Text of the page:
People say that it takes a minimum of 10,000 hours to become elite at any given task. During my journey, I can honestly say I have come close to doubling that. In my dogged pursuit of professionalism, I went above and beyond to perfect my body and my craft. I ate, hydrated, and trained all in hopes of making it to the big stage.
With all the time I’ve spent practicing and performing, I discovered a few important factors for success: if I wanted to train like the professionals, I had to go where they go. I had to do what they did, or at least get close to it. Through willpower and a little luck, I was able to do just that.
I found a way to get there, though it was difficult. I had to scrape together the expensive gym fee, find and pay for transportation to and from the gym, and still get to work on time. That left little time for a personal life, which for a guy in his 20s felt like the biggest burden of all. For months I went from tryout to tryout, from combine invite to combine invite, until finally I was offered my first professional contract. The rest is history.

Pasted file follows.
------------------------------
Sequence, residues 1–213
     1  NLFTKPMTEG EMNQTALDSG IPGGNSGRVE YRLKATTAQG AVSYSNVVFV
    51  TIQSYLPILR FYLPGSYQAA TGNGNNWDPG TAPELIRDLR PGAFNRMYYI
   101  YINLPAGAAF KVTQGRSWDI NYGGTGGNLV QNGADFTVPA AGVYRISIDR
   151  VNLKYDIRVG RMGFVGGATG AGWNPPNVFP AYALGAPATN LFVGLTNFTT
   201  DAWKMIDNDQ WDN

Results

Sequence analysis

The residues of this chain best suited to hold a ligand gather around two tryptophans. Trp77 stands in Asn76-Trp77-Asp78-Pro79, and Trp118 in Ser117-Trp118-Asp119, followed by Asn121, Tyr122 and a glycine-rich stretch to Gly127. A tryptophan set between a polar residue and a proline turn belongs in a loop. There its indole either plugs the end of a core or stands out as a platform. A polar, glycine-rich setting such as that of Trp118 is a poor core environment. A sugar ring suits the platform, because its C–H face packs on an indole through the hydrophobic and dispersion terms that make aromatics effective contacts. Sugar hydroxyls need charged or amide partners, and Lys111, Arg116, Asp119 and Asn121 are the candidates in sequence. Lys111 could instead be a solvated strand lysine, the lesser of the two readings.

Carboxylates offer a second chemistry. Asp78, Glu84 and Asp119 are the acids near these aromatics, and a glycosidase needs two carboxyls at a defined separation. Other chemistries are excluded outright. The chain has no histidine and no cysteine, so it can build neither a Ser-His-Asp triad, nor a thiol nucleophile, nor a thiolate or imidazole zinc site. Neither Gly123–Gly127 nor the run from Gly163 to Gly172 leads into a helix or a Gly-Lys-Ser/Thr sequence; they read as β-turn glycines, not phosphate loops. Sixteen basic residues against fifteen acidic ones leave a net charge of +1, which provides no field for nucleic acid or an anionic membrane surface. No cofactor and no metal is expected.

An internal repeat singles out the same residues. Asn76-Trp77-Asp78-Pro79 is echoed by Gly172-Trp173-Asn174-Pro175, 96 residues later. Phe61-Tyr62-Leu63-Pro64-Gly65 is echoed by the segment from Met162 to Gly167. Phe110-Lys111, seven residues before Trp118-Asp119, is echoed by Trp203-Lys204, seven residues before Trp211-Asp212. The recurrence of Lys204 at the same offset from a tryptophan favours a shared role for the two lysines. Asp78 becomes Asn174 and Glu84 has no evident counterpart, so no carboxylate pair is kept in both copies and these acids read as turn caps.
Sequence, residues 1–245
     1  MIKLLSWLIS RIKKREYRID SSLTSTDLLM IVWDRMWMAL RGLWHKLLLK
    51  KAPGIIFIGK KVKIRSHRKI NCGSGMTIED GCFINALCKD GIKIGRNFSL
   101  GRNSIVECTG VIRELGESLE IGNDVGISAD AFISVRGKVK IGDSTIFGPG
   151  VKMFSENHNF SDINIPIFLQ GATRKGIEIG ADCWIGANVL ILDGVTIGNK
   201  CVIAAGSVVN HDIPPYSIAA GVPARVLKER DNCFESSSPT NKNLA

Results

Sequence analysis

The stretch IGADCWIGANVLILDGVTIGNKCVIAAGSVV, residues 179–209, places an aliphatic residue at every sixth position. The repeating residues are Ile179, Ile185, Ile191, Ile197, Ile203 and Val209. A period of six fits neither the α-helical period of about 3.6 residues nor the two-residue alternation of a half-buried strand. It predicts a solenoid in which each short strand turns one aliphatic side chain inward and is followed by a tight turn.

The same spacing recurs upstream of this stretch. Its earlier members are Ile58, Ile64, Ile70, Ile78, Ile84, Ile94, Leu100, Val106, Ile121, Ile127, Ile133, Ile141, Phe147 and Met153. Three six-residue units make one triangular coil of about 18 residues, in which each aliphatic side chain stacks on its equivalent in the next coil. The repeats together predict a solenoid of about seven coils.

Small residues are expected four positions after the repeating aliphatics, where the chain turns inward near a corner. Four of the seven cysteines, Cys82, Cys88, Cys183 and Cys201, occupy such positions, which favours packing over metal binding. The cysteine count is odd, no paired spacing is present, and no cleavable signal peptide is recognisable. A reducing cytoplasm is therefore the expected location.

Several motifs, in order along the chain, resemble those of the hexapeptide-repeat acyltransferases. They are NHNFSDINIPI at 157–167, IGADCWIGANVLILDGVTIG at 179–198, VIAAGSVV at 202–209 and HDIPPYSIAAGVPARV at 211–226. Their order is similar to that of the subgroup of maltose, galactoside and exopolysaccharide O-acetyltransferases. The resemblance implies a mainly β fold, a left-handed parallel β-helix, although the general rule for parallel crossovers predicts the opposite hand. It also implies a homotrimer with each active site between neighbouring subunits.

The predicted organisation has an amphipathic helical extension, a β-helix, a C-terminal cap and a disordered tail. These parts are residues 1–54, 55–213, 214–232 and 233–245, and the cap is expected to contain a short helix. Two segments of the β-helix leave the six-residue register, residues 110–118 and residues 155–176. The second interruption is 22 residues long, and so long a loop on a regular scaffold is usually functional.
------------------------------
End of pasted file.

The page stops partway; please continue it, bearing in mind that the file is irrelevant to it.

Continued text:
I want to emphasize that I was very motivated. There were no high quality training facilities in the inner city. But that did not stop me, because there were people and programs working to get inner city athletes in the best shape possible, but no facilities or state of the art equipment to make the task easier.
My dream now is to help nurture that amazing feeling of rapture that you get when giving it your all – without the hassle and expenses. I want to bring the inner city a top of the line facility that rivals D-I institutions and professional establishments. Then get the people that have dedicated themselves to the betterment of the inner city athletics in the facility. In short, I want preparation to meet opportunity.
Quote associated with Our Founder
(It isn’t the mountains ahead to climb that wear you out; it’s the pebble in your shoe.)
• Muhammad Ali-
World champion American professional boxer, activist, and philanthropist